The Nitro+ RX 480 is a dual slot card with a Dual X cooler that features two 95mm quick connect fans, vented aluminum backplate, black shroud, and aluminum heatsink. The graphics card is powered by a single 8-pin PCI-E power connector which should be enough to allow overclocking headroom and alleviate any worries over pulling too much amperage over the PEG slot on the motherboard.
Sapphire is using high end capacitors and black diamond 4 chokes. The twin fan cooler supports "quick connect" which lets users easily pull out the fans for cleaning or replacement (which seems like a neat feature considering how dusty my PC can get (it doesn't help that my corgi loves to lay against my tower heh)). RGB LEDs illuminate the Sapphire logo and fans.
Of course, all of the LEDs can be controlled by software or a button on the back of the card to change colors in response to temperatures, fan speed, cycling through all colors, and turned off completely.
The company also uses an aluminum backplate which has a nice design to it (nice to see the only part of the card most will see getting some attention for once heh) as well as vents that allow hot air to escape. Air is pulled into the card from the two fans and pushed out the back of the card and up through the backplate. I am interested to see how much this design actually improved cooling.
Rear IO includes a single DL-DVI output along with two DisplayPort 1.4 and two HDMI 2.0b video outputs. This configuration results in a smaller air intake but also lets you hook up both a HDMI monitor and VR headset. While there are five connectors, only four may be used at the same time.
While Sapphire did not touch the memory, it did factory overclock the Polaris 10 GPU to up to 1,342 MHz boost. Compared to the reference boost clockspeed of 1,266 this is a decent jump, especially for a factory out of the box overclock. Users should be able to push the GPU further though exactly how far remains to be seen and will depend on the cooler and the quality of their specific chip.
Sapphire's Nitro+ RX 480 will reportedly be available as soon as next week in both 4GB and 8GB models. The 4GB will run $220 while the 8GB card will cost $269. If these numbers hold true, that is only a $20 premium over the reference designs which certainly seems like a great value all things considered! I am looking forward to the reviews on this slick looking card and I hope that the performance and build quality are up to snuff!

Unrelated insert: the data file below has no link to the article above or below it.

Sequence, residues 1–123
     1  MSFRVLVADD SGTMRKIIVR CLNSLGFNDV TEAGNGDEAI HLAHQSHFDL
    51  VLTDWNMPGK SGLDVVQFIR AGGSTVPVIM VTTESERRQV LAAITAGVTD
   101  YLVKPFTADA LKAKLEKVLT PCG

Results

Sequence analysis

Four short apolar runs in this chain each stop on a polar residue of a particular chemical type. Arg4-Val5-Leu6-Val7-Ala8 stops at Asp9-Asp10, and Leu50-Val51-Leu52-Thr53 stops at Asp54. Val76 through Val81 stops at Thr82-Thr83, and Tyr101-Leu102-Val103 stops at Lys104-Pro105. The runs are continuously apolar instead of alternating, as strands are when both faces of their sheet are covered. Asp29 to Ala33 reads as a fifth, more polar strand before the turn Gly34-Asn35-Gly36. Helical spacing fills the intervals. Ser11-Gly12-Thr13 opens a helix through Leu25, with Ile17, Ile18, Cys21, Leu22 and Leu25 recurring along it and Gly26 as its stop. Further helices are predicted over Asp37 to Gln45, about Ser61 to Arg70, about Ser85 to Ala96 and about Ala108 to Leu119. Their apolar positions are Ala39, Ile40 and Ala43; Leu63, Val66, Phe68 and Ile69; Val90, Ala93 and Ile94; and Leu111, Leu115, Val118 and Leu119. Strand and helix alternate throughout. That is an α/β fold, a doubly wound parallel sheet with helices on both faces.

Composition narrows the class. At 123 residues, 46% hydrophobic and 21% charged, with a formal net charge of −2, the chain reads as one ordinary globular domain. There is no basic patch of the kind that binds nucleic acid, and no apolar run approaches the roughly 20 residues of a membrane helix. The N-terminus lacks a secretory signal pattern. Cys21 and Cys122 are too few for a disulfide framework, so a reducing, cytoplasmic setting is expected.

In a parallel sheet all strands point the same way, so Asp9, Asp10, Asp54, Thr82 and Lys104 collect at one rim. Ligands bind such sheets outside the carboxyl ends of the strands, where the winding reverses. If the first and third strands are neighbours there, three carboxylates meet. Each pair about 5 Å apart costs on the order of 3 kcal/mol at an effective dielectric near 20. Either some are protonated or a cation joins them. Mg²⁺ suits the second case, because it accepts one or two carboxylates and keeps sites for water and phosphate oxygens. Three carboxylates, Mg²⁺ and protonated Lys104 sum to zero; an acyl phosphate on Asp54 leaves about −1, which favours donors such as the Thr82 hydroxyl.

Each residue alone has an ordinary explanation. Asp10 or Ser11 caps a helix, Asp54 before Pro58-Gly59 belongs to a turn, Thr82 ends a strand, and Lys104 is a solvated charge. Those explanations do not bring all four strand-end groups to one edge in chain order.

Gaming laptops are something that most people are quick to reject as out of their price range. There is a lot of sense in this train of thought. We know that laptop components are inherently lower performing than their desktop counterparts, and significantly more expensive. So the idea of spending more money for less powerful components seems like a bad trade off for the added gains of portability for many gamers.
However, we also seem to be in a bit of a plateau as far as generation-to-generation performance gain with desktop components. Midrange processors from a few generations ago are still more than capable of playing the vast majority of games, and even lower-end modern GPUs are able to game at 1080p.
So maybe it's time to take another look at the sub-$1000 gaming notebook options, and that's exactly what we are doing today with the Acer Aspire V 15 Nitro Black Edition.
The Aspire V Nitro is equipped with fairly modest components when compared to what most people think of gaming laptops as. Where machines such as the MSI GT70 Dominator or ASUS G751 seem to take the kitchen sink approach towards mobile gaming machines, The Aspire V is a more carefully balanced option.
|Acer Aspire V 15 Nitro Black Edition|
|Processor||Intel Core i7-4720HQ 2.6 GHz|